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adj. lith·er, lith·est
1. Readily bent; supple: lithe birch branches.
2. Marked by effortless grace: a lithe ballet dancer.

[Middle English, from Old English līthe, flexible, mild.]

lithe′ly adv.
lithe′ness n.
American Heritage® Dictionary of the English Language, Fifth Edition. Copyright © 2016 by Houghton Mifflin Harcourt Publishing Company. Published by Houghton Mifflin Harcourt Publishing Company. All rights reserved.
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Yet he took no notice whatever, merely continuing his pacing, swinging his head from side to side, turning lithely at each end of his cage, with all the air of being bent on some determined purpose.
This shield the valiant son of Zeus wielded masterly, and leaped upon his horse-chariot like the lightning of his father Zeus who holds the aegis, moving lithely. And his charioteer, strong Iolaus, standing upon the car, guided the curved chariot.
There had been something dreadful in the noiseless skill of his cold, white hands, with the fingers lithely twisting about and twining one over another like serpents.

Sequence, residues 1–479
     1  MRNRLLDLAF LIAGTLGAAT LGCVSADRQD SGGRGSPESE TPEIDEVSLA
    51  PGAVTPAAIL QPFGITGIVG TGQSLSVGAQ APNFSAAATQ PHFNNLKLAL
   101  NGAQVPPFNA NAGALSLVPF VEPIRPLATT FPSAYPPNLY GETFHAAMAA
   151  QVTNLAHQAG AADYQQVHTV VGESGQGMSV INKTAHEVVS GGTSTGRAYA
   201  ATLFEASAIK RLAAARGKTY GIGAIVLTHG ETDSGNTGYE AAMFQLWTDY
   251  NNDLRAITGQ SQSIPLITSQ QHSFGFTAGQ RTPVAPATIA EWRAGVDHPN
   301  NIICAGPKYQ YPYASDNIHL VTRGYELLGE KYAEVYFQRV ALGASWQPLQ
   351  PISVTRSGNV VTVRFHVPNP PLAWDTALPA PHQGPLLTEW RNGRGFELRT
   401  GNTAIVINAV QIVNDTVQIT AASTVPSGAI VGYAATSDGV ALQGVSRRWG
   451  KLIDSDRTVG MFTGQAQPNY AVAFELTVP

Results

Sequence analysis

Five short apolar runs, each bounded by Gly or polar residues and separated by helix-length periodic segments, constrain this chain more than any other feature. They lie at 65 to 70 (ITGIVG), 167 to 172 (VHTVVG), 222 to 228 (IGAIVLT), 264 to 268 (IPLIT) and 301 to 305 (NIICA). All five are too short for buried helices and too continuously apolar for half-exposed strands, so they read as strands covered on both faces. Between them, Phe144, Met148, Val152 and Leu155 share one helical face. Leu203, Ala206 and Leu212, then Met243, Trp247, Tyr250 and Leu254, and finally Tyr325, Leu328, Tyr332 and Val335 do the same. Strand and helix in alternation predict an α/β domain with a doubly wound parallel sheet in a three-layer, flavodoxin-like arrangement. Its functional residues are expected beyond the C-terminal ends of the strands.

His handmade, hot-enamel "Best Ring" features a round decorative piece with a diamond-studded golden rim and a koi carp that appears to be swimming lithely in the sunshine.
It handles tightly and corners pretty lithely, always seeming to be eager to get to the next bend.
It handles tightly and takes corners pretty lithely, eager to get to the next bend.
Both are lithely chiseled machines, with dynamic performance from behind the wheel and comfortable, thoughtful interior technology and appointments.
** Elle (Paul Verhoeven) After the infamous exploits of "Showgirls" and "Basic Instinct," veteran Dutch provocateur Verhoeven regained arthouse respectability with 2006's drama "Black Book." But this rape-revenge thriller, headlined by the currently peerless Isabelle Huppert, will hopefully return him to the art-trash border that his best work treads so lithely.
The rather wet father is a lithely danced Tim Hill.
Denis Matvienko thrilled the audience with a series of assemblAs in a circle around the stage, moving so quickly and lithely that he finished the turn almost before the audience caught their breath.